Robots Are Not Your Economic Enemy

In this era of rapid technological progress, many of us cannot help but wonder what the future holds. In particular, improvements in automation have sparked a conversation on the impact that robots will have on the demand for labor. Some projections are rather dystopian, suggesting that a large part of humanity will be rendered permanently jobless as workers are replaced by robots. 

Robots can never reduce the number of jobs available overall.

In December, physicist Stephen Hawking cautioned, “The automation of factories has already decimated jobs in traditional manufacturing, and the rise of artificial intelligence is likely to extend this job destruction deep into the middle classes, with only the most caring, creative or supervisory roles remaining.”

In February, Tesla CEO Elon Musk warned, “What to do about mass unemployment? This is going to be a massive social challenge. There will be fewer and fewer jobs that a robot cannot do better.”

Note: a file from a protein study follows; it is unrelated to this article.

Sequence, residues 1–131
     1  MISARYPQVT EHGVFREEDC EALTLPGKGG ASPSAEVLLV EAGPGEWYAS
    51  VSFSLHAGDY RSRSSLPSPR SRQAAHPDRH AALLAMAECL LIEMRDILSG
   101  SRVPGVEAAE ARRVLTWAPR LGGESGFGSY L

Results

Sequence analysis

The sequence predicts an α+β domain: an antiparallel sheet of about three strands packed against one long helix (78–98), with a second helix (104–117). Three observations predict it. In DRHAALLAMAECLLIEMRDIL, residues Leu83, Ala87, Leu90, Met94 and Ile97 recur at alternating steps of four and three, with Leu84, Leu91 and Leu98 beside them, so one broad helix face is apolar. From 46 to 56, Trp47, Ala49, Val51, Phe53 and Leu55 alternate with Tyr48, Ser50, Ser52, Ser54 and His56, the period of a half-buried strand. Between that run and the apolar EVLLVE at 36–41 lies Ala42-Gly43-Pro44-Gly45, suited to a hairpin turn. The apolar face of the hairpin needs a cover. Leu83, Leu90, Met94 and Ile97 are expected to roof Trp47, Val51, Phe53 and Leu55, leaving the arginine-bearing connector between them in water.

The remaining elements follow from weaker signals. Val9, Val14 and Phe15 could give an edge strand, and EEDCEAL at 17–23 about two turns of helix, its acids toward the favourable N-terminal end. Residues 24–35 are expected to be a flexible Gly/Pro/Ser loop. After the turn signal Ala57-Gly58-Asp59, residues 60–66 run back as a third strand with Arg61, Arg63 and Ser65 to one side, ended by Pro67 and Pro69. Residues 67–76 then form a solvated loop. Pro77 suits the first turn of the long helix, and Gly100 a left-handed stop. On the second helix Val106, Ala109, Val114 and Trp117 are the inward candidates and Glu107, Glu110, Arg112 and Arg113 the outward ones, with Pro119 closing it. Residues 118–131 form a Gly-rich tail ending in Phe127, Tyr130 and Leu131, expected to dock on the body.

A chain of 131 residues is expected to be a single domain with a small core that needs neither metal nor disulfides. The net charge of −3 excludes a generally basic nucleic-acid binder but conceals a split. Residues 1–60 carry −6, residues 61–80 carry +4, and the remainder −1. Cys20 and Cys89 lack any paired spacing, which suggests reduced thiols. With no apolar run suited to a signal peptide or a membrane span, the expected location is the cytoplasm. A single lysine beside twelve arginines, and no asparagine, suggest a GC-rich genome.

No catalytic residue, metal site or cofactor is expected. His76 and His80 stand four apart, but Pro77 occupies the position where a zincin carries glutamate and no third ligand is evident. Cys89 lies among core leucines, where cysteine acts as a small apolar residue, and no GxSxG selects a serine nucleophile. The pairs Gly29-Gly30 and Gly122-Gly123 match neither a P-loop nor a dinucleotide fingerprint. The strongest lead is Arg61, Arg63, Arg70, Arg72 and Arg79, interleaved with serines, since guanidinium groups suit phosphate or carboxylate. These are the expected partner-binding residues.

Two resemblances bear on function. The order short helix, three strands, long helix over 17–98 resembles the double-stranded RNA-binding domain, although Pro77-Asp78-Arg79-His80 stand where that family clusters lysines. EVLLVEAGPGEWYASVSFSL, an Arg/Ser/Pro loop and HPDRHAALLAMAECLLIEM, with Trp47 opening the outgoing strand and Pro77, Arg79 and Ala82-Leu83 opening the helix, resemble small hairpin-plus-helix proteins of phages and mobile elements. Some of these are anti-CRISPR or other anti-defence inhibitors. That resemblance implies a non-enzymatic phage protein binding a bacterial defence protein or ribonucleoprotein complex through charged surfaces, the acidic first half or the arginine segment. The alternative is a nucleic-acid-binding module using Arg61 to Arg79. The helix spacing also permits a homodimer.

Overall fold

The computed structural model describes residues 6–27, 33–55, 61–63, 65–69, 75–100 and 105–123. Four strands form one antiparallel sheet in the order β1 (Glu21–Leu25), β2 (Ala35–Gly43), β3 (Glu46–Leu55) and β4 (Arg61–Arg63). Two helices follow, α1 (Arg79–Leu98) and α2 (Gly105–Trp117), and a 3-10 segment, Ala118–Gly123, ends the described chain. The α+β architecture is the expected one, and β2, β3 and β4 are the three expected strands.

Only two days later, Bill Gates proposed taxing robots in part to “slow down the speed” of automation.  

While capital does indeed render some jobs obsolete and displaces labor in the short run in a process of “creative destruction,” robots can never reduce the number of jobs available overall; this realization follows from the unlimited wants that drive human action in this world of limited resources.  

Workers are replaced by machines when it is efficient to do so.

Automation is Liberation 

Consider that at one time there were no professional actors, musicians, artists, or writers. This is not to say that our distant ancestors would not have enjoyed such entertainment, but given the crude state of technology at the time, even those with artistic talent had to allocate their time to more pressing concerns like plowing fields. To instead produce paintings full time carried too high an opportunity cost in terms of lost food output.  

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